Wind: This is the danger that measures the strength of hurricanes. How much damage it can do depends on what it has to work with. For homeowners, the threats are numerous. There is debris flying around, such as patio furniture, plant pots, etc. This stuff has the potential to break windows, which can lead to serious damage inside the house (b/c the rain and wind will get in).

However, the more likely damage is to roofs and trees. My guess is that roofs in your area aren’t built up to the codes they are in LA, so you’ll lose plenty of shingles (these shingles and the tacks & nails they contain will litter the roadway, so be careful driving afterwards. Likely you’ll get a flat so be prepared for that). You could have more serious damage: That would be the roof of my apartment after Hurricane Gustav. The jerk making the thumbs-up sign would be me.

The other danger wind causes is falling trees. Yes, trees provide nice shade which keep down energy bills in the summer, but trees in these storms are nothing but logs waiting to be pushed over. Branches over houses can get knocked off and crash into the house, if not the tree itself. If you haven’t been making sure your tree is still alive and healthy…well, now if probably too late. If you know a tree is dead and have the time to cut it down, that’s probably a good idea.

Storm Surge: This only applies to those living on the coast. How far from the coast depends on the hurricane’s strength at landfall, but this is the most powerful part of the storm. It’ll wipe out floors or entire houses depending on its size. Essentially, storm surge is the wind pushing the waters, so that it’s frequently described as a wall of water coming at you.

Flood: Although this is a bigger fear for New Orleans, you’ll still have to deal with. Chances are you just lose your carpet, but if the water sits you may have to replace the drywall in your house. That is not fun, especially if you don’t have flood insurance, which most people don’t have.

Other concerns:

When things flood, animals get displaced, so you have to watch yourself for snakes and other creatures, especially in the flood water.

Chances are you will lose power. How long depends on the damage to the area, your type of power grid, and where you are on that grid. You’ll find out that if you’re close to businesses, you’ll get power back faster. If your area has underground power, you have a good chance of keeping it but overhead wires are likely going to be blown over or knocked down by falling tree branches.

Looting: likely not an issue, but if the damage disrupts the police department (specifically by making roads impassable due to water or debris) it will happen. This is more of a concern for business owners. Fire protection is also hindered due to low water pressure and again roads.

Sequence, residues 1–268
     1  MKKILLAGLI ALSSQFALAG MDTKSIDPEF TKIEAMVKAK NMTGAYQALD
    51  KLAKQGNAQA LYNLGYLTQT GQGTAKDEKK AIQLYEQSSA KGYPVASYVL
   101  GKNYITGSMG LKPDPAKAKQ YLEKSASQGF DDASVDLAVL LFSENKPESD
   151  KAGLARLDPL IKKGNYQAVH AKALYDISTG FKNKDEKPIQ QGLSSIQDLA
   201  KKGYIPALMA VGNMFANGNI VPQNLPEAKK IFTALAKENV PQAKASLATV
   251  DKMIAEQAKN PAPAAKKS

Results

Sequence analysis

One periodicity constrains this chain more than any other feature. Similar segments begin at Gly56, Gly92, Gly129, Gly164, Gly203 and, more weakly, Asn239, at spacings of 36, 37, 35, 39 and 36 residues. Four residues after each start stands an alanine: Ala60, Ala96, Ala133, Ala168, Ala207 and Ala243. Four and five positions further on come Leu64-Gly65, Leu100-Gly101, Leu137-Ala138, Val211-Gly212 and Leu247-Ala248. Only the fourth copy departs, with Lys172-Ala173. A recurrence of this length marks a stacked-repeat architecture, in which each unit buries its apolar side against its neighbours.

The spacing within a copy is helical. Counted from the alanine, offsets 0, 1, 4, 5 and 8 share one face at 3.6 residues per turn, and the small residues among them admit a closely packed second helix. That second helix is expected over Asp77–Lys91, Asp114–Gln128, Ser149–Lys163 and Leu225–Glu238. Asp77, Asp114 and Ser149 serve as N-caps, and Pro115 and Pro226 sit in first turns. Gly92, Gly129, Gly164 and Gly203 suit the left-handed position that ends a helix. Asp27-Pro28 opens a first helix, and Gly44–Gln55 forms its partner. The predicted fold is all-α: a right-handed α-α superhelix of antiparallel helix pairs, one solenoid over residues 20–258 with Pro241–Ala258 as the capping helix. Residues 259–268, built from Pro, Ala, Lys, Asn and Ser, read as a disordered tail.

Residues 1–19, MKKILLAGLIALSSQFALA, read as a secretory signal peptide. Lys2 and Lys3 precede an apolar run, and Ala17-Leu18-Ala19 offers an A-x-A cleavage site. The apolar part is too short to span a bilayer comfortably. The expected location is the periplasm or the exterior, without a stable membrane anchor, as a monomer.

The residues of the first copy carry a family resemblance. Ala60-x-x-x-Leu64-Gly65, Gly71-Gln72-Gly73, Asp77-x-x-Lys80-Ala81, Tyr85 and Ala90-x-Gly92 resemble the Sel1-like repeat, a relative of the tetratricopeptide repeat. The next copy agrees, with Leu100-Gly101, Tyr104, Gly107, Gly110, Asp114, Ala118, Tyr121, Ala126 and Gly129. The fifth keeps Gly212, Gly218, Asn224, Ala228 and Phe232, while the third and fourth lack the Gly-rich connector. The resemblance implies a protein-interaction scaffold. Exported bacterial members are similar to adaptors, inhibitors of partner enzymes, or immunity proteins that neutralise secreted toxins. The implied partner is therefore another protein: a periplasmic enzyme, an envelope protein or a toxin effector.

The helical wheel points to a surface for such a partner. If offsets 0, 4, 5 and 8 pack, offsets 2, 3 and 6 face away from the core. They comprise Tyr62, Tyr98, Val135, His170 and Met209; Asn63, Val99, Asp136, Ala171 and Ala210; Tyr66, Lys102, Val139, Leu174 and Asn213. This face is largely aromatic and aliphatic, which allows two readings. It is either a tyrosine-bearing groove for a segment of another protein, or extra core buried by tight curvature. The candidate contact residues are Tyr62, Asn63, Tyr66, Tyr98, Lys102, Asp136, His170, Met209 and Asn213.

FEMA & Insurance co. They suck. No two ways about. Judging by the handling of BP, the Obama administration is even worse than the Bush in this area. The only thing that it’s in their good hands is your money. While some insurance companies are reasonable, sometimes they’re not.

How to prepare:

Evacuate: if the government is telling you to get out, it’s probably because of the storm surge. If power could be out a while and you have small children, you might want to take a trip to grandma’s house. Bring about a week’s worth of clothes because you don’t know how long it will be before they start allowing people back into the area.

Canned food, water, batteries, flashlights, other necessaries: remember, power is likely out and cooking is not an option (gas may still be there, but gas lines could be broken so you can’t count on that). BBQ is a possibility, but not during the storm (this should be obvious. it’s not apparently).

Entertainment. You’re going to be sitting in the dark without A/C with no TV, Internet, phones, etc. You may have to talk to your family. Board & card games are the best options; books won’t work too much. If you have a laptop with a good battery, charge that up (charge up all your stuff to be honest) and use it as a DVD player. If this sounds terrible to you, you can buy a generator but they can be expensive and dangerous (every storm someone puts a generator inside and it either it catches fire or the people die from carbon monoxide poisoning).

Gas up the cars: some pumps don’t work without power, so you need to do this before the storm.

Hurricane Party: You may think I’m joking, but there’s a reason New Orleans has made this famous. You can’t do anything at this point to stop it (other than pray). Alcohol is a must, such as the hurricane drink. If you’re adventerous, you can go outside during the beginning stages of the storm and play frisbee or football. You can go instead when moving becomes difficult.

The important thing is to have a good attitude. Everyone’s in the same boat, and chances are you’ll get to meet and deal with people you don’t usually get to. New Orleans ended up a stronger city after the storm because everybody went through the pains together. Complaining does no one any good.

So those are some quicks tips from Louisiana. Glad to help y’all out. But if the next time a hurricane is pointed as us, you Yanks could refrain from questioning why New Orleans ought to be rebuilt, we’d much appreciate it. Enjoy your hurricane party!

9

Why Personhood Matters